For key example, when the geezer researching the beast turned out still to be alive after the beast ripped his legs off, the long discussion he had with a hiker was the one scene that I not only found grossly funny, but seemed likely it was even intentionally so.
That actor was pretty good, too, compared to everyone else, & captured something of the actual nature of moronic "sasquatch hunters" who are always out there in the woods trying to find one, & if they existed those crazy old coots probably would get their legs ripped off.
Between brief bouts of gore the filmmakers couldn't think of anything at all for padding, so we get stuff like -- I'm not joking -- four guys sitting in the woods not talking, not doing anything, then one of them clears his throat.
Eventually we get a glimpse of the mysterious woodland creature, then we see more & more of it as the film progresses. It looks like a guy wearing a musty bear rug with horns added as the lumpy head's nose & ears.
As a horned hairy ape-thing or bear-thing, lets designate it a relative of the sasquatch. One scene implies it can leap around from tree to tree, but we don't see that happening.
It pick off all the sizeable cast (it's crowded in dem dare woods) until everyone's dead except for two girls. After establishing the beast is invulnerable even to being shot point-blank in the heart, it seems it was time to just end the movie, therefore one of the girls killed it easily with a machete.
I assume this was filmed by a hoary marmot & not a wooly monkey because surely anything simian could've done better. Bad hoary marmot! Stop that! Bad!
Teens or twenty-somethings, played by fairly pathetic would-be actors, head out in the woods for drinkin' & screwin' & almost nothing else, though there's a small amount of the film devoted to the theme of the killer sasquatch.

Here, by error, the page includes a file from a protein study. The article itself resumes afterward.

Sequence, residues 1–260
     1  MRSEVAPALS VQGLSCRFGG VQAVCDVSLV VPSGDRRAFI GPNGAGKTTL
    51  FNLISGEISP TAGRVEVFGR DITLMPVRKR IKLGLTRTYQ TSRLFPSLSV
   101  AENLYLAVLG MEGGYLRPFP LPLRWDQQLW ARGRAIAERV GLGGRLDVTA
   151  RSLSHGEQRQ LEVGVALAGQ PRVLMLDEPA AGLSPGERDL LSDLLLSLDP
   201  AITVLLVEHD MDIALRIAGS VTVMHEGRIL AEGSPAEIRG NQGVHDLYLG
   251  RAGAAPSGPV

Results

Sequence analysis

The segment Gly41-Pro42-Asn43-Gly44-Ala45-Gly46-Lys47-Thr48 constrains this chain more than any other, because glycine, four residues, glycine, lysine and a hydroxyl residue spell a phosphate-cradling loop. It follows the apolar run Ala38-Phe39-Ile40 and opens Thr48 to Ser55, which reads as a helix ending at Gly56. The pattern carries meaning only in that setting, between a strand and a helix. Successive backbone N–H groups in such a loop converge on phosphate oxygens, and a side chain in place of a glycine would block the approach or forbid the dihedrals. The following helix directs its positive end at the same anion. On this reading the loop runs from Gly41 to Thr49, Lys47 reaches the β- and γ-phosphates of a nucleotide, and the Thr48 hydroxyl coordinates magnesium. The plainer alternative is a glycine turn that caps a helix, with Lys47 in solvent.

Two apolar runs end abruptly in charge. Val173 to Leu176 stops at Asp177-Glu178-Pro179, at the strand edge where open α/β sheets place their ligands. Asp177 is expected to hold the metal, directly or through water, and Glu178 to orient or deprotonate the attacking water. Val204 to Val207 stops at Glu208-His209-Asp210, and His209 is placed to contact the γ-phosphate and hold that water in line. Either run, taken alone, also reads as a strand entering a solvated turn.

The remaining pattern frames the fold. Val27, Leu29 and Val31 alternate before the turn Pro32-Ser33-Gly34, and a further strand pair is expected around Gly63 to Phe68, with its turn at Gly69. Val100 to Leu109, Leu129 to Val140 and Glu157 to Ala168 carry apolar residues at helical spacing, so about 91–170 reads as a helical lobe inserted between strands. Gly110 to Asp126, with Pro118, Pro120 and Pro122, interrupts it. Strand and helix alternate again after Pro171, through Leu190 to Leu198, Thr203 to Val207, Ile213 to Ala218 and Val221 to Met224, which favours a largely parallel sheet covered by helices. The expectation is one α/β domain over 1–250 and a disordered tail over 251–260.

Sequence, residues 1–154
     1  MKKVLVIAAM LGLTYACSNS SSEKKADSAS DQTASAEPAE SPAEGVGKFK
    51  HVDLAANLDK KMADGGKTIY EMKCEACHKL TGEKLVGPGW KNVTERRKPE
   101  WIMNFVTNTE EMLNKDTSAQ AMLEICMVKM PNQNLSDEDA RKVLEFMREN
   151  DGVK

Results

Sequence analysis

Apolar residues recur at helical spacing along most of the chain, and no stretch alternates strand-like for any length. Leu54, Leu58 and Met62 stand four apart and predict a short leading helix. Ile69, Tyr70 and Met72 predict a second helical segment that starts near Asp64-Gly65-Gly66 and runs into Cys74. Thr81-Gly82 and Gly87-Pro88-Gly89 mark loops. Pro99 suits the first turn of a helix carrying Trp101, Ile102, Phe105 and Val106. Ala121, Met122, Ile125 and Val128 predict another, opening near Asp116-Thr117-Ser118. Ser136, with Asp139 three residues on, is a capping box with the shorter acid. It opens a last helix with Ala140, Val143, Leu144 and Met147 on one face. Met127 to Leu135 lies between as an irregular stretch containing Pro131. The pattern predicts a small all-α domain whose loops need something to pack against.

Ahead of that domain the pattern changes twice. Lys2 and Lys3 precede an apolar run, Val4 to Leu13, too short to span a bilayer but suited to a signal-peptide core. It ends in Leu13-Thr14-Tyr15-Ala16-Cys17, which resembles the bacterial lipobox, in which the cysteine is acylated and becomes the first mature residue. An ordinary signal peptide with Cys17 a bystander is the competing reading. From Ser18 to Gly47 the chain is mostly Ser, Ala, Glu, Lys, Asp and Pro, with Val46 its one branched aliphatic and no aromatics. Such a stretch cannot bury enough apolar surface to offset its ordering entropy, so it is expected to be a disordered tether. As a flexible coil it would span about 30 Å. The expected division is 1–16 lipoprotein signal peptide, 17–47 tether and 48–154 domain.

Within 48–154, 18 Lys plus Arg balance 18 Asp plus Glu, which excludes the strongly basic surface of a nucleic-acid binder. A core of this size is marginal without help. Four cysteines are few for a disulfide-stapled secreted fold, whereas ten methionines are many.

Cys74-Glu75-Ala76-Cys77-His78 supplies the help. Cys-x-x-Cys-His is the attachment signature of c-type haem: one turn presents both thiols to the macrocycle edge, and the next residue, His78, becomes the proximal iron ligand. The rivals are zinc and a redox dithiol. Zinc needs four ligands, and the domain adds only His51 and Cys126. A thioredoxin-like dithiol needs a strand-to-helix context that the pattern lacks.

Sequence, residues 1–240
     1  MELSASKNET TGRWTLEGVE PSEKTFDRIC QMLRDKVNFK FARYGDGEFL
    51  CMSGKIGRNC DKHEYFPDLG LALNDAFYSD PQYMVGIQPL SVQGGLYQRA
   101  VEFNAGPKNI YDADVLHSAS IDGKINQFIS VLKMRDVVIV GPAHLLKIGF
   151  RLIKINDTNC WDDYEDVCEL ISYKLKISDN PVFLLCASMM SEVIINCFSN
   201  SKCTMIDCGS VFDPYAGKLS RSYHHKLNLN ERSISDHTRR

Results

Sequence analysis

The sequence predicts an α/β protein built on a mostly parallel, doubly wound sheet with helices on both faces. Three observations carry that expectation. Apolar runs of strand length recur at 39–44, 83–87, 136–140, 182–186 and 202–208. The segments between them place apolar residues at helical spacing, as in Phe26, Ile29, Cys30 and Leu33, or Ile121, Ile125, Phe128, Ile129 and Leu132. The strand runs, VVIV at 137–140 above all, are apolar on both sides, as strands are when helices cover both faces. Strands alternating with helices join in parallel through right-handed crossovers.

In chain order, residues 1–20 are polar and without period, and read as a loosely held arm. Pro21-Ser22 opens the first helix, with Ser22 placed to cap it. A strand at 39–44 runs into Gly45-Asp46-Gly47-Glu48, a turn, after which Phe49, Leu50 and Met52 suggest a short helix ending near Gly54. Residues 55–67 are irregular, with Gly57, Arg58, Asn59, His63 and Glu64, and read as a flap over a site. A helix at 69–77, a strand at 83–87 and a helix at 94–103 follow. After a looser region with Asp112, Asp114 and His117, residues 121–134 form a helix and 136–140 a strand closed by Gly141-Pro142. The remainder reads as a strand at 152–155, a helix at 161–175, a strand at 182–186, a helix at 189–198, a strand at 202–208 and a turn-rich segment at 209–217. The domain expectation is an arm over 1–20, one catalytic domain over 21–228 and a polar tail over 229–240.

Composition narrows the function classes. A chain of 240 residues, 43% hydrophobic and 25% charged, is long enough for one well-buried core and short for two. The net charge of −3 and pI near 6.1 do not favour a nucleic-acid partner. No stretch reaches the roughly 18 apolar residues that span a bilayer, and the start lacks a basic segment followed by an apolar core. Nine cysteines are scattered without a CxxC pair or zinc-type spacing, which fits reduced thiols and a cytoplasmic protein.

Devoid of even marginal imagination, Bigfoot at Holler Creek Canyon; aka just Holler Creek Canyon (2006) borrows its "best" ideas from The Legend of Boggy Creek (1972) & Night of the Demon (1980). But it can't even copy dreadful schlock well.
The film advertised itself with the slogan "No one ever really sees him & lives!" That includes the viewers. We never do get a good shot of the sasquatch. But there is eventually some gore including a decapitation, & don't worry about feeling bad for anyone, these dumbass characters deserve it after boring us with their terrible sex techniques.
I spotted an on-line review which called this turd one of the 100 greatest horror films of all time. Why can't cruddy filmmakers write better stealth-spam? I suppose if they could fake a review credibly they'd also be able to fake their way through a movie credibly.
Bigfoot Begins (2008) is a hastily made six-minute video comedy, "a last minute suprise" for a regional film festival, from Neil Cicierega, a young Kingston, Massachusetts filmmaker.
He afterward made the film available on youtube, on which Neil is a minor giant, having won the Youtube Award for his comedy video Puppet Pals & the Mysterious Ticking Noise (2008) which has been seen by more people than have seen many an independent feature.
Two guys, George & Billy (Ryan Murphy & Kevin James), are in the woods at night discussing their motivations for spending seven years of their lives on the quest to find "the sasquatch, the missing link, the skunk ape, the dirt monkey -- Bigfoot!"
It's a marginally funny argument with George (with a huge honking cold soar on his mouth) being out to find proof that will make them rich & famous, though Billy just wants the fun of camping in the woods & involving themselves in the lore & the myth.
George having gotten impatient with the quest for fame has arrived at an evil plan. He pulls a gun & murders his best friends. He then staples some fake fur to Billy's head & takes photos of the corpse.
But Billy unexpectedly comes back to life & becomes convinced he really is Bigfoot, remaining forever in the woods, sought by hunters.
Continue to Cinematic Bigfoots Part V:
Can it Be? Even More Sasquatch Films!
Or return to Cinematic Bigfoots Part III:
Sympathy for Sasquatch
Or start over from Cinematic Bigfoots Part I:
The Horror of Sasquatch
copyright © by Paghat the Ratgirl